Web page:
Meaning of trade: general: importance of risk
The recent First-tier Tribunal decision in Eclipse Film Partners No 35 LLP v HMRC  UKFTT 270 (TC) also concerned a tax avoidance device but in this case HMRC sought to show that the partnership was not trading.
The partnership had entered into a complex series of transactions relating to the licensing of the rights to two films. Disregarding the remote possibility that the partnership would receive profits based on the profitability of the two films, the Tribunal found (at para 401) that:
‘The profit over a twenty-year period, year by year, is determined at the outset, and is determined without any reference to the success or otherwise of the exploitation of the rights sub-licensed.’
In determining whether or not the partnership was trading, the Tribunal concluded (at para 398) that:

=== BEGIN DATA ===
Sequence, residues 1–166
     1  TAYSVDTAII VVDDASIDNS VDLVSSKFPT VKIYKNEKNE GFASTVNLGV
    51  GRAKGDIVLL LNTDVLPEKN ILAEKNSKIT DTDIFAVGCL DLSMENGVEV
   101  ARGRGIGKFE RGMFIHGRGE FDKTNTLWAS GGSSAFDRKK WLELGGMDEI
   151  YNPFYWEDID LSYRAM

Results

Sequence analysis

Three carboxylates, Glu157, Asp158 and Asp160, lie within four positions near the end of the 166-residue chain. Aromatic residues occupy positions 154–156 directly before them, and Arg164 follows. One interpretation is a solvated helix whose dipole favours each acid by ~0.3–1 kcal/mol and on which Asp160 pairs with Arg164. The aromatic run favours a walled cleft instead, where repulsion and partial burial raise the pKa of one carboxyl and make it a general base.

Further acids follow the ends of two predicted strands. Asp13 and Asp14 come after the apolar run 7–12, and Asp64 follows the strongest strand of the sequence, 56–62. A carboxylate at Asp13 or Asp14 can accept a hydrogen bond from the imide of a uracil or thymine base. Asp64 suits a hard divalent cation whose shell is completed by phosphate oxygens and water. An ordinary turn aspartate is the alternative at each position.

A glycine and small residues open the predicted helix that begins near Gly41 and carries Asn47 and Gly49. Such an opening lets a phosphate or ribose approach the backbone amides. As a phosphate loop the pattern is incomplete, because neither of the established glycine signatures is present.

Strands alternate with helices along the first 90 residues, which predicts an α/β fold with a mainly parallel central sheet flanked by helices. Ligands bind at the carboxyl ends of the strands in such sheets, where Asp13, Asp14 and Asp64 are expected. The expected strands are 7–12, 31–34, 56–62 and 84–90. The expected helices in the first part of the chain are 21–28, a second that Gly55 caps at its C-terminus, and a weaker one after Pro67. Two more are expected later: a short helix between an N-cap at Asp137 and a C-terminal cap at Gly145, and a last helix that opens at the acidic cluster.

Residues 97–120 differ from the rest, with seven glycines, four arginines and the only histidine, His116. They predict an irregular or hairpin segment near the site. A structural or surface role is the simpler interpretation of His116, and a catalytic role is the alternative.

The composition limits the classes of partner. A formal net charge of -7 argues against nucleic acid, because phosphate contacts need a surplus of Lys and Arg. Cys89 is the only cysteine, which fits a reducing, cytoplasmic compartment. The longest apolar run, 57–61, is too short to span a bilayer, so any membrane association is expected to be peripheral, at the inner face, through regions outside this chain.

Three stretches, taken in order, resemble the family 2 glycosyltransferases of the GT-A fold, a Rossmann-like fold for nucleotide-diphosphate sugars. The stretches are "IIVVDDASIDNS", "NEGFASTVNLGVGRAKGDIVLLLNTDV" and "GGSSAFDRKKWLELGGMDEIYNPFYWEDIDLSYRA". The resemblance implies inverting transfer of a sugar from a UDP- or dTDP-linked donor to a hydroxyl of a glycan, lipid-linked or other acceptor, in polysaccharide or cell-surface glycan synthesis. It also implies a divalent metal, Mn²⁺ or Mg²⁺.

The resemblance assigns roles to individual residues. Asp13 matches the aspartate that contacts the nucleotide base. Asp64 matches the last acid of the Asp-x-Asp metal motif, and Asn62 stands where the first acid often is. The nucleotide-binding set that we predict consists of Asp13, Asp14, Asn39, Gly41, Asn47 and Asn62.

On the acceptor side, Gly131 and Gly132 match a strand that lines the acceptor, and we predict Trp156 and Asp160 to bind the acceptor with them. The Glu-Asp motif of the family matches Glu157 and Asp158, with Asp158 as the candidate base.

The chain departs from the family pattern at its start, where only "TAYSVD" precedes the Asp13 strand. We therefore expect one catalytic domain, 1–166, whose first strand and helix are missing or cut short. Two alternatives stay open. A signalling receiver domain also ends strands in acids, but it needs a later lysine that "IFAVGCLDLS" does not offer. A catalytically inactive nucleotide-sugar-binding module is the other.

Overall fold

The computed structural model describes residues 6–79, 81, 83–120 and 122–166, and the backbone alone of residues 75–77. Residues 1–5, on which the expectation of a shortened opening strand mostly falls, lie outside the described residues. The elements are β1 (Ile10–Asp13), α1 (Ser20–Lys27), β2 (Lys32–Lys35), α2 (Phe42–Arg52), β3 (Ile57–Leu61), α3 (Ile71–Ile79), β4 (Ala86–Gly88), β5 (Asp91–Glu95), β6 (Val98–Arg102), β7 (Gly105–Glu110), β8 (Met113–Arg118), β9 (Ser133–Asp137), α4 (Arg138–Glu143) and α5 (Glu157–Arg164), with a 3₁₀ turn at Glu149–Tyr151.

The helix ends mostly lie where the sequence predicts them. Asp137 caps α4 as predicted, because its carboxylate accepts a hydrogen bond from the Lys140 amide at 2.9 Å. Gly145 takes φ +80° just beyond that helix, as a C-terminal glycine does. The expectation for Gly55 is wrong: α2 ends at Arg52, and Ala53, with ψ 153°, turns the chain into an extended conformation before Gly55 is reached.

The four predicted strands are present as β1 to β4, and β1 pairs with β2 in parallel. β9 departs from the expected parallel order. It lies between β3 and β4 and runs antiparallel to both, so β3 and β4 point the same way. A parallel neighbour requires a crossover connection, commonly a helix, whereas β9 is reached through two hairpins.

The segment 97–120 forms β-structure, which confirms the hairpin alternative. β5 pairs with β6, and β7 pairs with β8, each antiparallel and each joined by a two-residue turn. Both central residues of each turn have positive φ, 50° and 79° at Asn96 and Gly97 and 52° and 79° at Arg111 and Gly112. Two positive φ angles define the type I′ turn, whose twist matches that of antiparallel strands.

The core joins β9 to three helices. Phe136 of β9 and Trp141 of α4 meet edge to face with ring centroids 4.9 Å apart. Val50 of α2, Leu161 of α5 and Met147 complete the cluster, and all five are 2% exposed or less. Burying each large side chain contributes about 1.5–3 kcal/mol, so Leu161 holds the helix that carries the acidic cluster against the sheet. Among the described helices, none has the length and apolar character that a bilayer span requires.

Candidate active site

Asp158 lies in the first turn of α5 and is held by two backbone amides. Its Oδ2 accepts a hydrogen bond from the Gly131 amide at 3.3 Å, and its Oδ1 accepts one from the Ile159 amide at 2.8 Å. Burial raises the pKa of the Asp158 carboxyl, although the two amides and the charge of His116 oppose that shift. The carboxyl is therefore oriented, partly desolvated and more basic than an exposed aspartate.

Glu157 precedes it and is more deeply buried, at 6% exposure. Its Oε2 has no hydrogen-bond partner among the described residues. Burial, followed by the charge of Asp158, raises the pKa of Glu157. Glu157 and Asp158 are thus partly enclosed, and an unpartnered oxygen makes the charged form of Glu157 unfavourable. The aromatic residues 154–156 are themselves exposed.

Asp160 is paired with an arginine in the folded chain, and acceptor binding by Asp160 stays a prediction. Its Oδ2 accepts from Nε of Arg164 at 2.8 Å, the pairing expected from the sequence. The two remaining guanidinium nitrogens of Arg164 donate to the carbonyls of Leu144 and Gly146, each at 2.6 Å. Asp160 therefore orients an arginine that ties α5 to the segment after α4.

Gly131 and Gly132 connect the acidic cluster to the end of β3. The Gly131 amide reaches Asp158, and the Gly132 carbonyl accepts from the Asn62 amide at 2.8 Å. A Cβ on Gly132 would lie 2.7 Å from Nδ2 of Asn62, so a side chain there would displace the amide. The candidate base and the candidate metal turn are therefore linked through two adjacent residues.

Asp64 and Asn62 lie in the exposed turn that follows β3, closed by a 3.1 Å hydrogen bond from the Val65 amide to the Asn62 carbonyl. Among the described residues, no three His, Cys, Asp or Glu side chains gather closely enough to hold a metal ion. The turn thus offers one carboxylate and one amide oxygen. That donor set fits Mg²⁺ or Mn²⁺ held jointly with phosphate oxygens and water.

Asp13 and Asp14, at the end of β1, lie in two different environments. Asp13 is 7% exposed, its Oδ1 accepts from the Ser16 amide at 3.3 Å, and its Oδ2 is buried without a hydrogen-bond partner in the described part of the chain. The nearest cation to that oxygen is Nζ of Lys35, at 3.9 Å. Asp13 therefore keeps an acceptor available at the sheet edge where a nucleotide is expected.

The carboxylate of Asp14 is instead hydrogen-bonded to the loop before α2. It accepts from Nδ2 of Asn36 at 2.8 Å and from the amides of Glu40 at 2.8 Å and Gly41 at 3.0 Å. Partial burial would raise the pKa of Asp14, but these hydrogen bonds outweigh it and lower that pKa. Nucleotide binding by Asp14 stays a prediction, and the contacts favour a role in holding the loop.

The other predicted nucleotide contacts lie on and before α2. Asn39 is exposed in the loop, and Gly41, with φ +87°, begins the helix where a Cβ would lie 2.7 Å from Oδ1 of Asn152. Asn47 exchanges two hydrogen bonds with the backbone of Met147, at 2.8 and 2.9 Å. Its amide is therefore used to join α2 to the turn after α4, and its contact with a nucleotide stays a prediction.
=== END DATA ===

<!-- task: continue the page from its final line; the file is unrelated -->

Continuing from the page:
‘We consider that an element of speculation is a characteristic of the concept of trade - if a taxpayer is trading, what he does must, normally at any rate, be speculative in the sense that he takes a risk that the transaction(s) may not be as profitable as expected (or may indeed give rise to a loss).’
The transactions entered into by the partnership lacked such a speculative aspect. The Tribunal also considered (at para 409) the principles set out in Ransom v Higgs (see BIM20102):
‘It is sufficient for us to conclude that on a realistic view of the facts - that is, on any commercially meaningful basis - Eclipse 35 had no “customer” and did not offer to provide any goods or services by way of business.’
Accordingly, the Tribunal held that the partnership was not trading. Instead, the partnership was carrying on a non-trade business within S609 Income Tax (Trading and Other Income) Act 2005.